YD rant

The Yaw Damper on the Q400 is more useless than a screen door on a submarine. AP is INOP if the YD is INOP when in reality that YD switch on the FGC is connected to void. Keeping coordinated flight? HA! At every minuscule change of power, my virtual hand goes automatically to that beloved rudder trim. I always feel bad for the virtual PAX sitting on the back... it must be a fun ride.

I love the Q, even with that "YD".


  • edited September 2021

    It performs exactly the way that the engineers intended, and surprisingly enough it does do something. I've got about 3000 hours on Dash 8 classics and I always thought that the yaw damper was worthless until the day that I had it MEL'd. I could not believe the difference... the nose was all over the place with the yaw damper MEL'd. Seriously felt bad for the people sitting in the last row. Every bump, wind gust, someone looked the wrong way at the plane, the nose was hunting. I attribute it to the large vertical stablizer...

    It led me to do some research, which is 5 years old now and my brain is fuzzy so forgive me if I get the details wrong. So basically, the Dash has a passive yaw damper versus an active yaw damper. The yaw dampers on aircraft that I flew prior to the Dash were all active (King Air 200/350, Pilatus, ERJ-145 after the Dash). They essentially lock the pilot out of the rudder pedals. You can press as hard as you want, but the pedals won't move because the yaw damper is engaged. It only takes one landing to forget to turn the yaw damper off before you never do it again! ...hopefully you have a quick thumb to disengage the yaw damp with the big red button on the yoke. Anyway, so with an active yaw damper you still have to trim the rudder (King Air experience talking) but it is not nearly as much as the Dash.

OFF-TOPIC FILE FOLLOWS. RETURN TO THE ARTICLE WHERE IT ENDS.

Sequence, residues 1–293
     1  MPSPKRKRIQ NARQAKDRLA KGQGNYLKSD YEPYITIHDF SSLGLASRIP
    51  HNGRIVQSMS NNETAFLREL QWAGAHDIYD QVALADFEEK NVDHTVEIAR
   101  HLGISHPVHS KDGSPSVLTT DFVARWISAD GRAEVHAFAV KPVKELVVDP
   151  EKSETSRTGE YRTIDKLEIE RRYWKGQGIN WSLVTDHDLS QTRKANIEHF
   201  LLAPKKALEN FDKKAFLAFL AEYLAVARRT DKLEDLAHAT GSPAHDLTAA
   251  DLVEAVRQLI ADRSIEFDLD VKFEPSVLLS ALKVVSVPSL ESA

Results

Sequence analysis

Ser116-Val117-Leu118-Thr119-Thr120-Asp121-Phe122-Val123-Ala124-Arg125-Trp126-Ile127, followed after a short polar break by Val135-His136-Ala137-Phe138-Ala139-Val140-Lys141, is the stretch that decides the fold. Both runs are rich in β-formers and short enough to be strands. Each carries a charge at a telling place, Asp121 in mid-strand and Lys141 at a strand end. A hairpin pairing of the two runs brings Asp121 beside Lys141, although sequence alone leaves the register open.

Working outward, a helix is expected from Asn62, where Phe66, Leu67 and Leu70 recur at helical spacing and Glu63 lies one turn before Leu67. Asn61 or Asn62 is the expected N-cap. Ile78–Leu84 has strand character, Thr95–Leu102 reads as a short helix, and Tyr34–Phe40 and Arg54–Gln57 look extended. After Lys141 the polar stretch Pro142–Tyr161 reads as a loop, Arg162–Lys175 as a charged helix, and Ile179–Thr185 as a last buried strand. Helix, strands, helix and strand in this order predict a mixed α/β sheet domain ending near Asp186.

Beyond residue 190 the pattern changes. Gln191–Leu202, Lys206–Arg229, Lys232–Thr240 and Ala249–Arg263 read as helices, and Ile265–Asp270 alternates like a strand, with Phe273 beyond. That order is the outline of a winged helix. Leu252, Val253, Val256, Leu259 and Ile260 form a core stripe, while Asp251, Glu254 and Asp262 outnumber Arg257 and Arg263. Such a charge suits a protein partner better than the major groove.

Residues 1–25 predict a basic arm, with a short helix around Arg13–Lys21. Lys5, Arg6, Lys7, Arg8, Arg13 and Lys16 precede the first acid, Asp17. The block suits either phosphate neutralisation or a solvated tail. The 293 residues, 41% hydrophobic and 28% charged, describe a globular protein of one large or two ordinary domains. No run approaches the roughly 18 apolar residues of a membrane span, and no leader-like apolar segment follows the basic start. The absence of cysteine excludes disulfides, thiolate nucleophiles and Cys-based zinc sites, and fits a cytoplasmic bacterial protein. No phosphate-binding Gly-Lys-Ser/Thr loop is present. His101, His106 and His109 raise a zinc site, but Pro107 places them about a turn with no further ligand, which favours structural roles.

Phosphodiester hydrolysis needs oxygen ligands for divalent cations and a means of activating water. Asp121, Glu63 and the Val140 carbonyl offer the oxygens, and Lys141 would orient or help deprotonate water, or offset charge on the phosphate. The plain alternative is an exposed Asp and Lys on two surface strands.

So with the passive yaw damper, like the Dash has, it still nulls out yaws caused by wind/turbulence but it largely leaves the rudder input up to the pilot. The rudder also isn't locked out by the yaw damper, hence the difference of procedures from an active yaw damper to a passive YD... In the Dash the YD is selected on before taxi and remains on throughout the flight until it is turned off after landing. In things with an active YD, it should remain off until after takeoff and turned off again before landing.

    Yes, the immense amount of trimming that takes place when flying the Dash is a bit cumbersome but it honestly makes you a better pilot and teaches you to use your feet! I will never be as sharp as I was when I was flying the Dash full time, multiple legs and landings per day. We had a 38 knot crosswind limit if I remember right, back then I wouldn't even have a second thought about those winds.

    Something we used to do when we were feeling lazy on descents... lead your power reductions with the left power lever. Requires less trimming because the left turning tendency is being countered by the right engine.

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